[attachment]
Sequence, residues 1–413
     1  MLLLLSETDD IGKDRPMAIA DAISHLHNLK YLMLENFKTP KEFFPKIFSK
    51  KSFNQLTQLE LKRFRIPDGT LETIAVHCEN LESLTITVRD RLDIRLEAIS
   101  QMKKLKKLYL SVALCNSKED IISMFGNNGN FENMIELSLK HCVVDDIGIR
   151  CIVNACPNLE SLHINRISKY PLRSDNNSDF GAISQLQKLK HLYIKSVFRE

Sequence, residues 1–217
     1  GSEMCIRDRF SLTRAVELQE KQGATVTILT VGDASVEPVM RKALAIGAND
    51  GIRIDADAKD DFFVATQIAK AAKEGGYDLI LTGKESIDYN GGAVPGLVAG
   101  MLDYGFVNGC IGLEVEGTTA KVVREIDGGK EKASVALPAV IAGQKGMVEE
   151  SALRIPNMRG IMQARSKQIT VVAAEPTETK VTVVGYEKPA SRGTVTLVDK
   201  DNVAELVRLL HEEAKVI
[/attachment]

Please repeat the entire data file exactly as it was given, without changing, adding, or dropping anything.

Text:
Sequence, residues 1–413
     1  MLLLLSETDD IGKDRPMAIA DAISHLHNLK YLMLENFKTP KEFFPKIFSK
    51  KSFNQLTQLE LKRFRIPDGT LETIAVHCEN LESLTITVRD RLDIRLEAIS
   101  QMKKLKKLYL SVALCNSKED IISMFGNNGN FENMIELSLK HCVVDDIGIR
   151  CIVNACPNLE SLHINRISKY PLRSDNNSDF GAISQLQKLK HLYIKSVFRE

Sequence, residues 1–217
     1  GSEMCIRDRF SLTRAVELQE KQGATVTILT VGDASVEPVM RKALAIGAND
    51  GIRIDADAKD DFFVATQIAK AAKEGGYDLI LTGKESIDYN GGAVPGLVAG
   101  MLDYGFVNGC IGLEVEGTTA KVVREIDGGK EKASVALPAV IAGQKGMVEE
   151  SALRIPNMRG IMQARSKQIT VVAAEPTETK VTVVGYEKPA SRGTVTLVDK
   201  DNVAELVRLL HEEAKVI